Applications of modern sensors and wireless technology in effective wound management

Nasir Mehmood, Alex Hariz, Robert Fitridge, Nicolas H. Voelcker

Research output: Contribution to journalReview ArticleResearchpeer-review

38 Citations (Scopus)

Abstract

The management of chronic wounds has emerged as a major health care challenge during the 21st century consuming, significant portions of health care budgets. Chronic wounds such as diabetic foot ulcers, leg ulcers, and pressure sores have a significant negative impact on the quality of life of affected individuals. Covering wounds with suitable dressings facilitates the healing process and is common practice in wound management plans. However, standard dressings do not provide insights into the status of the wound underneath. Parameters such as moisture, pressure, temperature and pH inside the dressings are indicative of the healing rate, infection, and wound healing phase. But owing to the lack of information available from within the dressings, these are often changed to inspect the wound, disturbing the normal healing process of wounds in addition to causing pain to the patient. Sensors embedded in the dressing would provide clinicians and nurses with important information that would aid in wound care decision making, improve patient comfort, and reduce the frequency of dressing changes. The potential benefits of this enabling technology would be seen in terms of a reduction in hospitalization time and health care cost. Modern sensing technology along with wireless radio frequency communication technology is poised to make significant advances in wound management. This review discusses issues related to the design and implementation of sensor technology and telemetry systems both incorporated in wound dressings to devise an automated wound monitoring technology, and also surveys the literature available on current sensor and wireless telemetry systems.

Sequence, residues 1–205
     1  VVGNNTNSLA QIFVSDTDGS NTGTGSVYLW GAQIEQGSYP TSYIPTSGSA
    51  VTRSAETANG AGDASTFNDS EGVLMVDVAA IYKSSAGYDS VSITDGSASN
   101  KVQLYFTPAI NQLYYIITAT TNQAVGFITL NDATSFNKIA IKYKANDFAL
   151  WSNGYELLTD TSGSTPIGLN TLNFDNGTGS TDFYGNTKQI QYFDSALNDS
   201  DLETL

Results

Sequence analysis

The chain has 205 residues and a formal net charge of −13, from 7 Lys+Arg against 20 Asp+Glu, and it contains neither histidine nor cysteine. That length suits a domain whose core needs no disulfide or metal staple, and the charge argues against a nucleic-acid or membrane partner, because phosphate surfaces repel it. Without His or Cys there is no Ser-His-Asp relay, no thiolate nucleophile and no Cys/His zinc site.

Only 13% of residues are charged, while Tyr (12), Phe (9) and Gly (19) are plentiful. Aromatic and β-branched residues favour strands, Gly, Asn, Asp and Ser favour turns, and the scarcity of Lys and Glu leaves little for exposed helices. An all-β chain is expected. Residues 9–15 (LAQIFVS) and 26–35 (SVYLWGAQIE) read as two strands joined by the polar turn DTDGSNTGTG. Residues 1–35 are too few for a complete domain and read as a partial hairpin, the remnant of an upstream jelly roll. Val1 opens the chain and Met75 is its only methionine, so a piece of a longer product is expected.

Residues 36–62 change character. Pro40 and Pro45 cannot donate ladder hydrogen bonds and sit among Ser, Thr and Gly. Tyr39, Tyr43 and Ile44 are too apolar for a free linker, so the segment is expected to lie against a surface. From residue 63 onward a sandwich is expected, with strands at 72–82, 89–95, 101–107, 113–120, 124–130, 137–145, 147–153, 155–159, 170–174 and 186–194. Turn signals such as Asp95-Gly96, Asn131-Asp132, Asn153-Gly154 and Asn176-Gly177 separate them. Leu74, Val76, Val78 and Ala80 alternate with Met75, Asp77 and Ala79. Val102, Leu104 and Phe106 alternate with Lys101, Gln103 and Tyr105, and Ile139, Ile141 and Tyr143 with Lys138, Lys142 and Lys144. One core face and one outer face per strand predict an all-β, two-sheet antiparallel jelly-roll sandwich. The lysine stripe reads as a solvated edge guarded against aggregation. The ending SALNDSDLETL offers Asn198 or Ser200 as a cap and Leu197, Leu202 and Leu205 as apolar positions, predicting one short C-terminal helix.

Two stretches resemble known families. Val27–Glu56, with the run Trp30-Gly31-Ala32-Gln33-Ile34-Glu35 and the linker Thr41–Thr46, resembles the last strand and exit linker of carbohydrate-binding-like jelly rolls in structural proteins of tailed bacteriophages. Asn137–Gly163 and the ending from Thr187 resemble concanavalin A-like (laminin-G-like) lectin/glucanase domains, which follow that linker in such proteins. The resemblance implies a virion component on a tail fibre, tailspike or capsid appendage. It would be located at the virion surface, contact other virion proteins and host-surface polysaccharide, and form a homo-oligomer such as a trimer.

Original languageEnglish
Pages (from-to)885-895
Number of pages11
JournalJournal of Biomedical Materials Research Part B: Applied Biomaterials
Volume102
Issue number4
DOIs
Publication statusPublished - 2014
Externally publishedYes

Keywords

  • moisture sensors
  • pH sensors
  • pressure sensors
  • telemetry
  • wireless technology
  • wound healing and monitoring

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